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Tom Jicha

Tom Jicha grew up in New York City and worked with John Pricci at the short-lived revival of the New York Daily Mirror. Tom moved to Miami in 1972 for a position in the sports department at the now defunct Miami News.

Tom became the TV critic in 1980 and moved to the South Florida Sun Sentinel in 1988. All the while he has kept his hand in sports, including horse racing. He has covered two Super Bowls, a World Series and the Breeders’ Cup at Gulfstream Park.

He's been the Sun Sentinel’s horse racing writer since 2007 as a staff member, and continues to this day as a free-lancer.

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Friday, October 25, 2013


BC: Great racing and great stories for TV


The Breeders' Cup does a lot of annoying little things during the year (like adding an Arabian race) but when the two event days arrive there is no finer spectacle. This year's renewal is loaded with the two elements for a great couple of days: super racing with full fields and no obvious odds-on favorites and lots of heart-tugging stories for NBC to court and hold casual fans on TV.


MIAMI, Oct. 25, 2013--Horse players love deep, full fields. Television loves touchy-feeling, heart-tugging stories. All will be well served next weekend at the Breeders’ Cup.

The 14-race carnival is going to be a bettor’s delight with more ways to part with your money than at a brothel with a casino.

Twelve of the races have at least a dozen starters pre-entered. One of the exceptions, the Distaff, might be the most anticipated race of the two days. The other, the Marathon, is almost as much a novelty event as the Arabian race shamelessly tacked onto Friday’s card.

If there is a favorite who will go to the post at less than 2-1, I don’t see it. Some might suggest Game on Dude in the Classic. But the field is quality laden, including the first four finishers from last year, surging Graydar and highly touted Euro Declaration of War. It’s also the get-out race, so there will be a lot of beat-the-favorite shopping. If there was an over/under on 2-1, I would tap out on the over.

Reigning Horse of the Year Wise Dan might have been close to odds-on had he not had his winning streak broken in the Shadwell Drenched Kitty Litter Mile. That utterly excusable blemish on his record and the presence of some well regarded Euros should push his price out of the blinking lights zone.

Groupie Doll was 70 cents on the dollar in the 2012 Filly and Mare Sprint. Off her mediocre resume this season, she should be at least five times that as she seeks to repeat.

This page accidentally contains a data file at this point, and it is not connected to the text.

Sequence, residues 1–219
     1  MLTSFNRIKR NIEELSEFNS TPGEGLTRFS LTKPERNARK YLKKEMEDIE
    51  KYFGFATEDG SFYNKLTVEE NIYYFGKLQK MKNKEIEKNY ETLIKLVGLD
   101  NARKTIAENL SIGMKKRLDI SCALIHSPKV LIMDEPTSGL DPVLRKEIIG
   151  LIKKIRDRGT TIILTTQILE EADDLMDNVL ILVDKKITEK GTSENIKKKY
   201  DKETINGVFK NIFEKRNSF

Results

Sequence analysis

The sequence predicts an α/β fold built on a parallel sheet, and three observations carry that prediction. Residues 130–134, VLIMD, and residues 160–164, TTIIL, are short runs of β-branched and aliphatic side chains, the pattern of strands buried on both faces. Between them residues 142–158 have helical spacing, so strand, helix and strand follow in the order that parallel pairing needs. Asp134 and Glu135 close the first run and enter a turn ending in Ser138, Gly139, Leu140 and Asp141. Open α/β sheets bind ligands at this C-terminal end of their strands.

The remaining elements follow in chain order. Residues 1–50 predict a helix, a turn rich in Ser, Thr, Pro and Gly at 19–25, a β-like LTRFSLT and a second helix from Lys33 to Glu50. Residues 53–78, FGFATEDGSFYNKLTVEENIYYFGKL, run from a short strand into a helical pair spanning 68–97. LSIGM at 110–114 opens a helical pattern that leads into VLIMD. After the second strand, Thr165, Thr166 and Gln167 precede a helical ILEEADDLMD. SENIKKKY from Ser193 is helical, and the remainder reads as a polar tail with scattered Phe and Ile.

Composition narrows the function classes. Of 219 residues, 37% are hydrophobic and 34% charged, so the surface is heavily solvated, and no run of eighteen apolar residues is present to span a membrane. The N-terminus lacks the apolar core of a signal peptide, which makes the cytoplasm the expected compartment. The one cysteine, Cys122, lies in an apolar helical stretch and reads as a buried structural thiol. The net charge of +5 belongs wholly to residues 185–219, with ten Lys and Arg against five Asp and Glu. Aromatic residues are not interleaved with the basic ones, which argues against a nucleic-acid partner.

Solely because it is a six-horse field, the Distaff could produce the lowest priced favorite of the two days. However, it’s not obvious who the public will settle upon as favorite among the Big Three—Royal Delta, Princess of Sylmar and Beholder. (My guess would be Royal Delta.) Close Hatches is also going to pull a lot of support. So it’s hard to foresee anyone going off less than 2-1.

It’s also going to be a joy for Team NBC with sufficient heart-tugging sagas to ensure there won’t be a dead spot throughout the two days. The Classic alone, the only BC race reserved for the NBC broadcast network, should provide a treasure trove of TV gold. (If the prime time telecast draws good ratings, it will be another nail in the coffin of Belmont Park’s chances to ever host the event again.)

The saga of Paynter’s comeback from the near-dead to not only race again but to be considered among the contenders in the marquee event, is the stuff of big screen movies. Should Paynter make it to the winner’s circle, screenwriters all over Hollywood will begin tapping out scripts, if they haven’t already.

Kathy Ritvo’s inspiring tale of rebounding from a heart transplant to resume full-time duties as the mother of two children and the trainer of Mucho Macho Man bears retelling. The Classic falls less than two weeks before the fifth anniversary of her life-saving surgery.

The return of D. Wayne Lukas, at age 78, to racing’s center stage, is sure to garner NBC's attention. Several years after it seemed The Coach’s time had passed, he could be on the verge of sending out a couple of champions, 3-year-old Will Take Charge and 2-year-old Strong Mandate. D. Wayne has his detractors but put him in front of a camera and racing has no finer ambassador.

Also camera-friendly Bob Baffert, Paynter’s trainer, has another comeback story with Secret Circle, who won the 2011 BC Juvenile Sprint and was on the Kentucky Derby trail the following spring until an injury sent him to the sidelines for 18 months. He goes for a second Breeders’ Cup title in the Sprint, coming back quickly off one dynamite win at Santa Anita on Oct. 14.

This time a year ago, Gary Stevens was in the seventh year of retirement, talking about racing on TV. He comes into this Breeders’ Cup back at the top of the game, looking to add a Breeders’ Cup score to his Triple Crown triumph in the Preakness aboard Oxbow, among many other stakes victories. He might even rejoin his old colleagues at NBC between mounts.

Point of Entry’s comeback from what seemed to be a career-ending injury isn’t as dramatic as Paynter’s renaissance but the tender love and care it took from Kentucky Derby-winning trainer Shug McGaughey and his staff to get him back to the races at the highest level is sure to be prominent in the run-up to the Turf.

Jim Rome works for another company but this won’t deter the NBC people from getting him on camera when his Mizdirection goes for a second Turf Sprint title. “Romey” is another stellar advertisement for the game. He loves to talk about how in spite of his voluminous knowledge of most sports, he knew almost nothing about racing until he was coaxed into it and now he is having the time of his life.

Great racing, great television; it should be a great weekend.



Written by Tom Jicha

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